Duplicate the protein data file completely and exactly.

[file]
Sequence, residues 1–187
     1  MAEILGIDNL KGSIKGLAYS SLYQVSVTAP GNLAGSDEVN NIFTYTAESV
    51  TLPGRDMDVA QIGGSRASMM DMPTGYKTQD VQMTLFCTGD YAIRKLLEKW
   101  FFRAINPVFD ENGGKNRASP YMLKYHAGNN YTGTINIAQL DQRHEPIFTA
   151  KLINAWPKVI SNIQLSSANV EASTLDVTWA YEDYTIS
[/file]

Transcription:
Sequence, residues 1–187
     1  MAEILGIDNL KGSIKGLAYS SLYQVSVTAP GNLAGSDEVN NIFTYTAESV
    51  TLPGRDMDVA QIGGSRASMM DMPTGYKTQD VQMTLFCTGD YAIRKLLEKW
   101  FFRAINPVFD ENGGKNRASP YMLKYHAGNN YTGTINIAQL DQRHEPIFTA
   151  KLINAWPKVI SNIQLSSANV EASTLDVTWA YEDYTIS